The midterm elections will set the the stage for a major power redistribution in Washington. Now that Democrats and Republicans are in the final stretch of the midterms, a much-anticipated Wall Street rally is in the air.
When it comes to investing there are two major schools of thought: the we-believe-in-the-intrinsic value theory and the no-such-thing-as-an-equilibrium theory.
Investors such as Warren Buffett try to uncover the true intrinsic value of a company and hunt for what they believe are undervalued equities, under-appreciated, obscure companies with great management and an excellent outlook.
Warren Buffett has recently decried stocks as overpriced. Wall Street likes to follow Buffet on the assumption that financial markets converge around an equilibrium close to what could be considered the intrinsic value of assets and who could know that value better than the Oracle of Omaha?
The other school of thought takes the opposite view. George Soros and his followers try to anticipate macroeconomic trends and act on them without giving much thought to the so-called fundamentals. Soros formulated his idea of how financial markets work in his General Theory of Reflexivity. In his view, the perception of economic reality is always biased and there is no such thing as an “intrinsic value”. He does not buy into the theory that financial markets return to an equilibrium. He believes that once false assumptions gain traction they tend to reinforce the prevailing bias, leading to the emergence of bubbles. The prevailing opinion has the power to change the underlaying fundamentals, so revered by value investors, for better of for worse. For this mutually reinforcing feedback loop between the perception of reality and the reality Soros coined the term “reflexivity”.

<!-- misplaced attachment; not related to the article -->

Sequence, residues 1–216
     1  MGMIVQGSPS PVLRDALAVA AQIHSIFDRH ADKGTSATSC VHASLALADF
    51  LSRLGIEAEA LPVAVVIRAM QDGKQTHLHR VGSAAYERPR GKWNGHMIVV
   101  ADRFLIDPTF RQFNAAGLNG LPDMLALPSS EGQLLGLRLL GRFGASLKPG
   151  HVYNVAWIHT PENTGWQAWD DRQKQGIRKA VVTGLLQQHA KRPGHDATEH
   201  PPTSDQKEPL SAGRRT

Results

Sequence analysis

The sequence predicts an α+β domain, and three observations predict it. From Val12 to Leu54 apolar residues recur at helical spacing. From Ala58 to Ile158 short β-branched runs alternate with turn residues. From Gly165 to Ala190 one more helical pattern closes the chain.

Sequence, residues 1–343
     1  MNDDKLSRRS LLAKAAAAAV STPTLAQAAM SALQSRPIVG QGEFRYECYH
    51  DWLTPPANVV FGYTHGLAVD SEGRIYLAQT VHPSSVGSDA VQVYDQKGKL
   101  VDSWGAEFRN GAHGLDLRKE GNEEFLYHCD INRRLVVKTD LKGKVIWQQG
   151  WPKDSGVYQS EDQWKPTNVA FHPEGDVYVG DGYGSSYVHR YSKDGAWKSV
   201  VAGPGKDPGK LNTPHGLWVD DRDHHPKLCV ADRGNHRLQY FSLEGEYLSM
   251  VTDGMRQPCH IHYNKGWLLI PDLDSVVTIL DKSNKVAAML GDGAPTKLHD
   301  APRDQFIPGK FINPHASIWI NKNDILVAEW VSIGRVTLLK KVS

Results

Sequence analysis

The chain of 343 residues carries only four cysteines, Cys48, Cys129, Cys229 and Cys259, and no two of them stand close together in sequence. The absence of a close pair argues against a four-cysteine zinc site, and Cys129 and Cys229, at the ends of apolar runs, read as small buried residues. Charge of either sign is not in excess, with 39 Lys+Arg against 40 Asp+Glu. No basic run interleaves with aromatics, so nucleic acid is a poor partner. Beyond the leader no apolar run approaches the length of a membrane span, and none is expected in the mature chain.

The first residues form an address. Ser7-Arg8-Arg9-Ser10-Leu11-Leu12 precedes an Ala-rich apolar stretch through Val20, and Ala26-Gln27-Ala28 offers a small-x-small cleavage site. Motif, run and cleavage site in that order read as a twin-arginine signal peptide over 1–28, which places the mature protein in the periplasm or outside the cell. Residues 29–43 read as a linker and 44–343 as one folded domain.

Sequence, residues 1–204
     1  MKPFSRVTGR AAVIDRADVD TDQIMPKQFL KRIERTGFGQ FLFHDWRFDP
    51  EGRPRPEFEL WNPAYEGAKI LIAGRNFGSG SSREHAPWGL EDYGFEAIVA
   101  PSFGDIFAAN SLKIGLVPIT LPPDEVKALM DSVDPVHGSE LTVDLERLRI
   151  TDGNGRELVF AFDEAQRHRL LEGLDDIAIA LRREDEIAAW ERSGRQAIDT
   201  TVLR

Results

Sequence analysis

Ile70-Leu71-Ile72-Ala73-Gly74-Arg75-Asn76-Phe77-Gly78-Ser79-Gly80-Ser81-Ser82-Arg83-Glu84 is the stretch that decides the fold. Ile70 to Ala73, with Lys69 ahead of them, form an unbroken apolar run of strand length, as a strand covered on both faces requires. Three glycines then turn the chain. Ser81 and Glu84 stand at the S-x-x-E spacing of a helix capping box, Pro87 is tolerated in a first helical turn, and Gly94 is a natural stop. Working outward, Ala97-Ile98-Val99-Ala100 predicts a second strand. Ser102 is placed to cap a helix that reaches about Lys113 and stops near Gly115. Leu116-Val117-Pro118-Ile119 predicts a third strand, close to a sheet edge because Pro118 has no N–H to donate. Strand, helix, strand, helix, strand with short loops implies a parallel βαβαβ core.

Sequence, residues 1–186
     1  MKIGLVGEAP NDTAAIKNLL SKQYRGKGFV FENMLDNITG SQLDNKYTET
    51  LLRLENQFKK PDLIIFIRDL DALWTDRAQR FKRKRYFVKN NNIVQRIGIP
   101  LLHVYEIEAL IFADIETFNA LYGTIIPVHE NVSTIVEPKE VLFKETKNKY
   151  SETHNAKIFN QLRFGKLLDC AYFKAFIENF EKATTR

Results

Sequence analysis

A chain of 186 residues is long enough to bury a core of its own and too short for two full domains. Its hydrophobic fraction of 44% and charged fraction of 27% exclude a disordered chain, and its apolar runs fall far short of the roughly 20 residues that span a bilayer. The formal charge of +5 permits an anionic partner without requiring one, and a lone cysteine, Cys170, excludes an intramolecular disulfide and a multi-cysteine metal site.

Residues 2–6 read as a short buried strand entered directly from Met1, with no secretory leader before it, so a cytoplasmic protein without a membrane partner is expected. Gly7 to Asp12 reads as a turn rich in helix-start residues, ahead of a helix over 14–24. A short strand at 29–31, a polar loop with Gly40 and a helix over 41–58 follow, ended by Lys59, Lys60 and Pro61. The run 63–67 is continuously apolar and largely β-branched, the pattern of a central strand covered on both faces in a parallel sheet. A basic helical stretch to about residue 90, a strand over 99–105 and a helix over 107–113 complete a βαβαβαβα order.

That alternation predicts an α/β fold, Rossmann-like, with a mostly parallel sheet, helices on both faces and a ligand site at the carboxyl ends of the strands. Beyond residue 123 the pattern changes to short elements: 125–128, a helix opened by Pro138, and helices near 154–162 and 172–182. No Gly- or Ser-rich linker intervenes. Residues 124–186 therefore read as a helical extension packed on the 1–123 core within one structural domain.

When the markets crashed back in October 2008 and in March 2009, George Soros was among the very first hedge fund investors who were getting in at the very bottom of the market at bargain-basement prices to cash out as soon as possible. Soros’ Quantum Fund/Soros Fund, has produced on average returns of around 30% year-on-year.
Whether these are “the best of times” or rather “the worst of times” highly depends on your standpoint. Main Street and Wall Street are disconnected.
One of the best ways to put in a nutshell how to invest was famously expressed by the investor legend Sir John Marks Templeton, best known and admired for running the Templeton Growth Fund from 1954 until 1992. Sir Templeton put it bluntly in what became his wildly publicized investor credo: “avoid the herd and buy when there is blood on the streets”. This is not the case right now by any stretch of the imagination.
However, if you subscribe to the theory that markets are all about perceptions, interesting times lay ahead.
Should the Republicans overwhelmingly take control of the House and the Senate, the rally could continue. If they take over the House and make big inroads in the Senate, we may see a power struggle over deficits and taxes which could unnerve Wall Street.
If history is any indication we could well see the rally extend after the elections. But there is also the possibility that the current rally is a one-time effect of Bernanke’s QEII and that Republican gains are already priced into the market. In this case, we may well see a dramatic trend reversal.
With a Republican House and a reinvigorated GOP in the Senate, any stimulus President Obama may dream up will have to include tax cuts and spending cuts on entitlement programs. In the unlikely case of a crushing Democratic defeat and a total Republican takeover of both chambers, the prospects of extending Bush’s tax cuts could fuel another end-year rally. If you opt to jump in on it, don’t forget to get out.